Just in Case There’s no Bread in Wheat

Richard Croft
March 19, 2012
4 minutes read

Clearly, there’s a consolidation of sorts underway in the global agribusiness sector. Reports circulated last week of a possible takeover of Canada’s largest grain handler, Viterra Inc. (TSX: VT, Friday’s close $16.21) by a consortium consisting of Agrium Inc. (TSX: AGU, $85.22), closely-held Canadian grain handler Richardson International, and privately held international commodity conglomerate Glencore International AG. Other global agri-giants are also reportedly interested, including privately-held Cargill Inc.

Viterra’s business segments include not only grain handling ($526 million of latest 12-month earning EBITDA), but also agri-business products ($222 million in earnings) and food processing ($129 million). Each partner in the consortium is said to be interested in a separate part of the business.

Viterra shares climbed to an all-time high of $16.21 from around $11 on the news last week. Agrium shares popped to over $86 from about $82. The interesting thing is that while confidentiality agreements have been signed, no deal has been tabled. And the wild card is whether a takeover deal would get federal approval. BHP Billiton’s attempt to take over Potash Corp. of Saskatchewan last year was scotched when Premier Brad Wall of Saskatchewan applied pressure on the feds to deny BHP ownership of what he insisted was a precious Canadian natural resource company. He is already again making noises about Viterra and where its headquarters will be and so on. With Saskatchewan’s wheat farmers owning a large chunk of Viterra, populist political sentiment, never far from the surface in Saskatchewan, could easily once again derail a major takeover.

In addition to that Viterra seems to have become fully priced, with consensus 12-month price targets between $14 and $16. Agrium, on the other hand, has a mean price target of about $110.

Given the prices spikes in both stocks over the past week, investors might consider puts as straight insurance to hedge against a sudden downdraft in share prices should the potential takeover deal fall apart for some reason (odds of that about 50/50). Speculative traders might establish bearish trades on Agrium and Viterra, levering a sudden short-term slide in the event that Agrium loses out to another bidder or the political risk ramps up and a deal is blocked.

When you look at VT options, traders are making some sizeable with the 15-strike calls and puts. According to data from the Montreal Exchange website, I noted that 8014 VT April 15 puts changed hands on Friday. At the same time 3104 VT April 15 calls were traded. Assuming these numbers are correct there is serious money flowing into a sell-off scenario. For those who think the VT run up may have overshot the potential on this deal, consider buying VT April 15 calls at 45 cents.

With Agrium you might be better off with a bear call spread. In this case, sell the AGU April 86 calls at 2.10 while at the same time buying the AGU April 92 calls at 35 cents. This trade nets a credit of $1.75 which is the difference in the premium received from the April 86 calls versus the premium paid to buy the April 92 calls.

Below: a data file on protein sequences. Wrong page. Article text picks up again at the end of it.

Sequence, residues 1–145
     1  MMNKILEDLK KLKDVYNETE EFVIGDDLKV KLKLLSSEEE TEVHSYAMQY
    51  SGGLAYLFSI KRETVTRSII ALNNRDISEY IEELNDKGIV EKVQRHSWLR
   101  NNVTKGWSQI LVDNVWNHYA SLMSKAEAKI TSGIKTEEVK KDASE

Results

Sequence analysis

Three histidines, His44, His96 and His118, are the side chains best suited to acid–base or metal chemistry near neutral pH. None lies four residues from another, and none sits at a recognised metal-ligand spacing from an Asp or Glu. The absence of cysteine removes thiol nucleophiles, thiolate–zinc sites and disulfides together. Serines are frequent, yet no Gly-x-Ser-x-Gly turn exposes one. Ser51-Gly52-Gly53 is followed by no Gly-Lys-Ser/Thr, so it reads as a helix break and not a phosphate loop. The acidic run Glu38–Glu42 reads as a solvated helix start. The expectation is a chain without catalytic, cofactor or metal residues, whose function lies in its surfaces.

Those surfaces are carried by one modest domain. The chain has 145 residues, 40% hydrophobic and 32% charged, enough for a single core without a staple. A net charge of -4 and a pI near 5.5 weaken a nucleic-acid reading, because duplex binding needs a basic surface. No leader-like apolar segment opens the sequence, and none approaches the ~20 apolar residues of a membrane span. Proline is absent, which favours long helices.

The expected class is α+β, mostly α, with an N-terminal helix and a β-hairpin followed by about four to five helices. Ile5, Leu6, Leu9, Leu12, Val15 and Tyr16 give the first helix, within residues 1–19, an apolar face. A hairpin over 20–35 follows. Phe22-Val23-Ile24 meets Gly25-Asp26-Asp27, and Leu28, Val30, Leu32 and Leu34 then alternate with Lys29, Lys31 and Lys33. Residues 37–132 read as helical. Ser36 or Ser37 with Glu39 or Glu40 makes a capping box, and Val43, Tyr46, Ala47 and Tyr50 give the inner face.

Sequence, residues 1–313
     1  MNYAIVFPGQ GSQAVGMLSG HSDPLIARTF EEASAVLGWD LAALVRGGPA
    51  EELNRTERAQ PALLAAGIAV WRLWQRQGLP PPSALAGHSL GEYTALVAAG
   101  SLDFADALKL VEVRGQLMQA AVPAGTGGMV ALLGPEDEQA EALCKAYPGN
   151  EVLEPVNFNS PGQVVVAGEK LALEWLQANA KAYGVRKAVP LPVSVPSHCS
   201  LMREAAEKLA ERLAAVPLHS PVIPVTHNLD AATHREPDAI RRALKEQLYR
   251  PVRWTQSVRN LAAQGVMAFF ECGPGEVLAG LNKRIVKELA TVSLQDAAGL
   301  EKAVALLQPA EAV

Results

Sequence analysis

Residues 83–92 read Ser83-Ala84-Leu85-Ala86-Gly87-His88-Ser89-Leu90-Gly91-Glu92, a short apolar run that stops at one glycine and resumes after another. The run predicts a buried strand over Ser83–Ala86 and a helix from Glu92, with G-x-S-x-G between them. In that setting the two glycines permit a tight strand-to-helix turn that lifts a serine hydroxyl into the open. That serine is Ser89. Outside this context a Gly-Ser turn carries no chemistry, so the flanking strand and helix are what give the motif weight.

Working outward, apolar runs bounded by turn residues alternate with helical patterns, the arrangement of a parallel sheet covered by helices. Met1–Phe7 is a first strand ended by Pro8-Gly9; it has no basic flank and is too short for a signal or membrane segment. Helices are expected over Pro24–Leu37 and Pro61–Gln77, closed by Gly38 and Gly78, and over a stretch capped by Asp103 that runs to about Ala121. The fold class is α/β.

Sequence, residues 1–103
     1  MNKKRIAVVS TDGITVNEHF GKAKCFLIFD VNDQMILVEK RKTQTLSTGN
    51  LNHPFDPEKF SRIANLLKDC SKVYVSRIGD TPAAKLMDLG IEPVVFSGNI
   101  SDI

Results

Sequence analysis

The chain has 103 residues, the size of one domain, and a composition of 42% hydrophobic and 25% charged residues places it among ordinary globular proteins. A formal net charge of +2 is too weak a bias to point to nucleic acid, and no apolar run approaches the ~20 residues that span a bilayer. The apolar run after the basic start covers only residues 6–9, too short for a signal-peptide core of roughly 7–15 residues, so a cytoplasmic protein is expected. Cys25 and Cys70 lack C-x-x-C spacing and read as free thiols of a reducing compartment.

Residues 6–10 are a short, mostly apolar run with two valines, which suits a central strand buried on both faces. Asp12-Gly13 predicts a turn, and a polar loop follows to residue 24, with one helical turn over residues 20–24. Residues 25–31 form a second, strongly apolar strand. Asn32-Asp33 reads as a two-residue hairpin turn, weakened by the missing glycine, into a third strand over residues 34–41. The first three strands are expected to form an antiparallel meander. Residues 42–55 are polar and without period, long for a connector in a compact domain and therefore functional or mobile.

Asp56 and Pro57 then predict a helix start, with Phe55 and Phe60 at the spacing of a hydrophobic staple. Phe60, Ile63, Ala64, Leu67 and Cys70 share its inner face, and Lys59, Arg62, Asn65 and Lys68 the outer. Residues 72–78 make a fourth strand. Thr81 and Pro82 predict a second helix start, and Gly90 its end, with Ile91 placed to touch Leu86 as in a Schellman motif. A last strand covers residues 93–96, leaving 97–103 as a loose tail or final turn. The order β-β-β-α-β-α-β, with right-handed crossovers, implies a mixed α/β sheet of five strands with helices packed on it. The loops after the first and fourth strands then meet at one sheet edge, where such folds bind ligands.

If AGU closes below $86 in April you will pocket the net credit as both options will expire worthless. The maximum risk occurs if AGU closes above $92 per share. Above that price any loss on the short AGU April 86 call will be offset by gains on the April 92 calls.

Richard Croft
Richard Croft http://www.croftgroup.com/

President, CIO & Portfolio Manager

Croft Financial Group

Richard Croft has been in the securities business since 1975. Since February 1993, Mr. Croft has been licensed as an investment counselor/portfolio manager, operating under the corporate name R. N. Croft Financial Group Inc. Richard has written extensively on utilizing individual stocks, mutual funds and exchangetraded funds within a portfolio model. His work includes nine books and thousands of articles and commentaries for Canada’s largest media channels. In 1998, Richard co‐developed three FPX Indexes geared to average Canadian investors for the National Post. In 2004, he extended that concept to include three RealWorld portfolio indexes, which demonstrate the performance of the FPX portfolio indexes adjusted for real-world costs. He also developed two option writing indexes for the Montreal Exchange, and developed the FundLine methodology, which is a graphic interpretation of portfolio diversification. Richard has also developed a Manager Value Added Index for rating the performance of fund managers on a risk adjusted basis relative to a benchmark. And In 1999, he co-developed a portfolio management system for Charles Schwab Canada. As global portfolio manager who focuses on risk-adjusted performance. Richard believes that performance is not just about return, it is about how that return was achieved.

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